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Diane Sawyer Denies Rabbi’s Claim She Was Watergate’s ‘Deep Throat’

June 27, 1995 GMT

PROVIDENCE, R.I. (AP) _ Diane Sawyer denied a rabbi’s claim that she was the ``Deep Throat″ source who helped The Washington Post uncover the Watergate scandal that brought down President Nixon.

And Bob Woodward, the Post reporter who has never revealed the identity of his source, said Rabbi Baruch Korff is wrong.

The 80-year-old Korff was a friend of Nixon’s and stood by him throughout Watergate.

Sawyer, now a journalist for ABC, was an assistant in the Nixon press office. She said Monday through a spokesman that Korff’s claim was laughable.

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``For 20 years we’ve always said that the source `Deep Throat’ was a man,″ said Woodward, now an assistant managing editor at the Post. ``There is no evidence that Diane Sawyer in her kind of subsidiary role in the Nixon White House would have that kind of knowledge.″

Korff said he based his opinion on Sawyer’s ``special relationship″ with press secretary Ron Ziegler, and his observation that Sawyer knew in advance what was going on at the White House.

``I believed it was her,″ Korff said in an interview at his home, where he is ill with pancreatic cancer. ``I have no solid evidence of it, but everything points to it.″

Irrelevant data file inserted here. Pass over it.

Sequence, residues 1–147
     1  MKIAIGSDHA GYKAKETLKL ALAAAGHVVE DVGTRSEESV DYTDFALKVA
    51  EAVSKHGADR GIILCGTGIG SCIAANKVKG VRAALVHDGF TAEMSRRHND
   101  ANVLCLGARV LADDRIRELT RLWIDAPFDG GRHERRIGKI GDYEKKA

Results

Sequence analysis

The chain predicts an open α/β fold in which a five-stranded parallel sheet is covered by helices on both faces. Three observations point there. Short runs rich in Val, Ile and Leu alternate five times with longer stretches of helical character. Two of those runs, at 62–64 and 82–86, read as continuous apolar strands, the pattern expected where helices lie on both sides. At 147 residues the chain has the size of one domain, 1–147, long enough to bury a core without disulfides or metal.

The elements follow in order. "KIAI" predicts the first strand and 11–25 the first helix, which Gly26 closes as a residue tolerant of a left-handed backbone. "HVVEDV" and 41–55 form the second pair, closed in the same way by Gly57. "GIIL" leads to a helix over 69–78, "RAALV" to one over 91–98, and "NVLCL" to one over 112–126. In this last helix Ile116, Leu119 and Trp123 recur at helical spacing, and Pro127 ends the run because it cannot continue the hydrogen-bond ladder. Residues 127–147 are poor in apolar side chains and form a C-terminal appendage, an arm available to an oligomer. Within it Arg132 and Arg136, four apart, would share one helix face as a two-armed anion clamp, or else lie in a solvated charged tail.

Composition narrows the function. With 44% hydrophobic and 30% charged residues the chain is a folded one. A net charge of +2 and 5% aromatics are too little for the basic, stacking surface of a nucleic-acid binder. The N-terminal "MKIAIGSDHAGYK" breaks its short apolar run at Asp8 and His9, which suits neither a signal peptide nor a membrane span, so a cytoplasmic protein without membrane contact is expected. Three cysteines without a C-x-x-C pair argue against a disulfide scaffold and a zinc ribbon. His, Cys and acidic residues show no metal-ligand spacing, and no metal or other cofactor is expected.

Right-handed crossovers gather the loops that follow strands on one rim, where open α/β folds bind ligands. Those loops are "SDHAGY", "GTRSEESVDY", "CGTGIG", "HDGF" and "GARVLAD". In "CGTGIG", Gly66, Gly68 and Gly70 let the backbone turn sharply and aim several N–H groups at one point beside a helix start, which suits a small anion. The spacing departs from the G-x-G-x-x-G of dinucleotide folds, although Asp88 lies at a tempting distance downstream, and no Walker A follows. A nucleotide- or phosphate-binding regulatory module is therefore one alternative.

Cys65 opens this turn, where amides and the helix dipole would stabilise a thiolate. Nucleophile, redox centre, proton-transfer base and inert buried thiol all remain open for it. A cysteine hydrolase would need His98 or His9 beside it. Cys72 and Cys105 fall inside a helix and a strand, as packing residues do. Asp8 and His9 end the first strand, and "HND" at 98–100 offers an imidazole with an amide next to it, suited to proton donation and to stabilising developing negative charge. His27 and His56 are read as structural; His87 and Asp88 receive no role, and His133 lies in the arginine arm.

Sawyer’s agent, Richard Liebner, said Woodward and his former Post colleague Carl Bernstein ``would probably have a good laugh″ over the story.

Korff achieved national attention when he formed the Ad Hoc Committee for Fairness to the Presidency to rally support for Nixon during the Watergate crisis.

Korff did not reveal his suspicion in his 1994 book ``The President and I,″ which chronicles his relationship with Nixon. He did not say why he had kept quiet until now about his suspicions.

At various times, it’s been speculated that Deep Throat may have been L. Patrick Gray, then acting FBI chief, or Alexander Haig, who worked then for National Security Adviser Henry Kissinger. Other names have also been mentioned.

The secret source led Woodward and Bernstein to discover financial discrepancies and attempts to cover up criminal activity among the president’s top staffers. Nixon resigned Aug. 6, 1974, and died last year.